The value of emotions versus robotisation

#professional skills #digital talent #labour market

In a couple of decades — maybe less — robots will do many of the jobs that humans now do. But before we set the alarms bells ringing, let's listen to the experts. They say that in this man-machine race, human beings have a competitive advantage: emotional intelligence.

Tasks requiring emotional intelligence skills will continue to be performed by humans.
Tasks requiring emotional intelligence skills will continue to be performed by humans.


Robots are already here and, while no one knows for certain the impact robotisation will have on the workplace in the coming decades, current data can give us some clues. For example, a report by McKinsey Global External link, opens in new window. stated that, until 2030, 800 million workers could lose their jobs to robots and cobots. Many activities currently carried out by humans can potentially be automated. Which ones? The most physical, mechanical and repetitive. The sectors most affected will be manufacturing, transport and logistics. But this is just one side of the coin.

On the other, we find two certainties. The first is that countering the jobs lost, many will be created. The report [PDF] External link, opens in new window. The Future of Jobs produced by the World Economic Forum pointed out the most prominent profiles: data analyst, Artificial Intelligence specialist, software developer, among others. The second has to do with what James Timbie, an academic at Stanford University, said: "Many routine jobs will be gradually taken over by machines, leaving the more complicated tasks to humans with interpersonal skills. Therefore, the tasks that will remain in the hands of humans will be those that require skills that, at the moment, are not within the reach of machines. We're talking about areas like education, health and art.


What do we mean when we talk about automation, robotics and Artificial Intelligence? Automation consists of the use of software that establishes and follows pre-programmed steps to automate a task. Robotics is a branch of mechatronic engineering that basically designs and builds robots. And Artificial Intelligence is the simulation of human intelligence processes by machines.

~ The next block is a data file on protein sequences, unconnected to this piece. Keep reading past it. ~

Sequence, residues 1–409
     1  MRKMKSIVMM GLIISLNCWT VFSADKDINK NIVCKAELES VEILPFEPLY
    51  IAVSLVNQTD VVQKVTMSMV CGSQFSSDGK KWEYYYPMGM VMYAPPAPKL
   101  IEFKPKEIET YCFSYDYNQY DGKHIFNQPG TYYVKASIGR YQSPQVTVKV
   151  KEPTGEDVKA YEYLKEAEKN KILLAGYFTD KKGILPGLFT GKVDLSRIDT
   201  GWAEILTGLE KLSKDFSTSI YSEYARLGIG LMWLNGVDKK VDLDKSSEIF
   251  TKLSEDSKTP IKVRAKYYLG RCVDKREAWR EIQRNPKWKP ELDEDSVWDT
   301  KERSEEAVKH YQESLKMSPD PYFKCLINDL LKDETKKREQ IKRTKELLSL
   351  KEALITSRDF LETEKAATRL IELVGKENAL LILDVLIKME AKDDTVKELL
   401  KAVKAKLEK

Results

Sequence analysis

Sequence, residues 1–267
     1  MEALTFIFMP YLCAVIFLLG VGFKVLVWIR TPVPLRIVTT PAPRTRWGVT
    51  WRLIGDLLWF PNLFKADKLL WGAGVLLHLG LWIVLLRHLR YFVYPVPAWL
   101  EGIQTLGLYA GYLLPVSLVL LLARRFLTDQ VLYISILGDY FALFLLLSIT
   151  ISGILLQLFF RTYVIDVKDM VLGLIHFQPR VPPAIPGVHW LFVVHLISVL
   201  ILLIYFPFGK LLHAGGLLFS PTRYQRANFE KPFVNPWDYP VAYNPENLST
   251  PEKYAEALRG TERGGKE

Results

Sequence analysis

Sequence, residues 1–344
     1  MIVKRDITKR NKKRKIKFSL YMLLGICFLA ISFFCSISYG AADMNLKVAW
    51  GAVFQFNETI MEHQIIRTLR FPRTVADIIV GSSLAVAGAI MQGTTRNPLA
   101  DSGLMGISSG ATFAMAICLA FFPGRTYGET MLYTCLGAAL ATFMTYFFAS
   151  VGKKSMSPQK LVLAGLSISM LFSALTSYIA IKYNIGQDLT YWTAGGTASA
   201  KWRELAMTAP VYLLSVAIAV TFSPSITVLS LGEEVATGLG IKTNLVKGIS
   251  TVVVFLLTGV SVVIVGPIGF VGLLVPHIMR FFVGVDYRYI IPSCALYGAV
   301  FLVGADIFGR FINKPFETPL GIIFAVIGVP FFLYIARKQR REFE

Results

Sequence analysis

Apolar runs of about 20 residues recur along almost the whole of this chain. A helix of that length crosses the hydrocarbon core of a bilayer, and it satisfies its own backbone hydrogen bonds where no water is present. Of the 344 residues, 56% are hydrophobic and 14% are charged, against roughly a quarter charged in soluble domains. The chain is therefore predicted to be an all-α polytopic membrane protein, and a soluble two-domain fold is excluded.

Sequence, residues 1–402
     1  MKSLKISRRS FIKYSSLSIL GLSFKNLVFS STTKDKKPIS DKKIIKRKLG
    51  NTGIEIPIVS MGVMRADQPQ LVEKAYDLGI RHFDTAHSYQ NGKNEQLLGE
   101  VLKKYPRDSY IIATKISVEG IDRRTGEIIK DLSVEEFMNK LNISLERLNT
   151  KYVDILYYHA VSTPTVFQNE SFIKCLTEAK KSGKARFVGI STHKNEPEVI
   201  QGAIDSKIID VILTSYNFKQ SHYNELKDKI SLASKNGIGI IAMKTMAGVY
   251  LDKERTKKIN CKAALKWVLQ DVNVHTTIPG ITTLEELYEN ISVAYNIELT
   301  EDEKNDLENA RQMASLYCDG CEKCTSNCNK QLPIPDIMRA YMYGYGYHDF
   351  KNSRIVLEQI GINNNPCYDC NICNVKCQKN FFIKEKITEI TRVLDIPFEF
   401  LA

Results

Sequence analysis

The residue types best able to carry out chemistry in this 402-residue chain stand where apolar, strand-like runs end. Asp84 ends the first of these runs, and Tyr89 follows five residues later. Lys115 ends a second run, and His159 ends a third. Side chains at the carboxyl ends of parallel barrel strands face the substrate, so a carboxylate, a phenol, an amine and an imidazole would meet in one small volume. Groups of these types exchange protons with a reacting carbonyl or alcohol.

The combination of these three disciplines will shape the future of the world of work, but it is Artificial Intelligence which, perhaps due to the influence of literary and cinematographic works of science fiction, inevitably makes us think of the gradual substitution of human labour by humanoid. MIT researcher Joseph Paradiso, believes that it is difficult for something like this to happen and clings on to one of the inherently human skills to justify it: "Creativity is a human ability that machines will probably never be able to fully develop, and therefore, one of the fields in which there will be more job opportunities in the future."

The most in-demand soft skills.
The most in-demand soft skills.


In this context, and as Timbie pointed out, interpersonal skills are presented as a clear competitive advantage over robotisation in the workplace. These skills, also known as soft skills, are those that involve emotional intelligence, that is the ability to effectively manage our emotions, to recognise those of others and to establish positive relationships with others. We are talking about creativity, collaboration, flexibility, negotiation and other skills that, when applied to the world of work, translate into people capable of finding the best strategies to achieve success.

The recognition of these skills is now reaching its peak, but they have been appreciated since before robotisation was evident, as is illustrated by various studies. This was shown, for example, by a study conducted by the Stanford Research Institute and the Carnegie Mellon Foundation in 2008. The 500 CEOs consulted assured that 75% of success at work in the long term will be due to soft skills and only 25% to technical skills. In 2011, a survey conducted by Career Builder among heads of HR departments confirmed the managers' perception. The data, which we will break down below, reflected a persisting trend in the selection process: appraising the social performance of their future workers as well as their technical knowledge.

  • A full 71% of respondents said they valued an employee's emotional intelligence over other attributes, including IQ.
  • This 75% said they were more likely to offer promotion to an employee with a high level of emotional intelligence.
  • And 59% said they would rule out a candidate with a high IQ but little emotional intelligence.

These data are not the result of chance. It has been shown that employees with high levels of emotional intelligence cooperate more with their colleagues, manage day-to-day stress better, resolve work conflicts more easily and learn from their mistakes. Emotional intelligence thus becomes the last great human bastion against robotisation.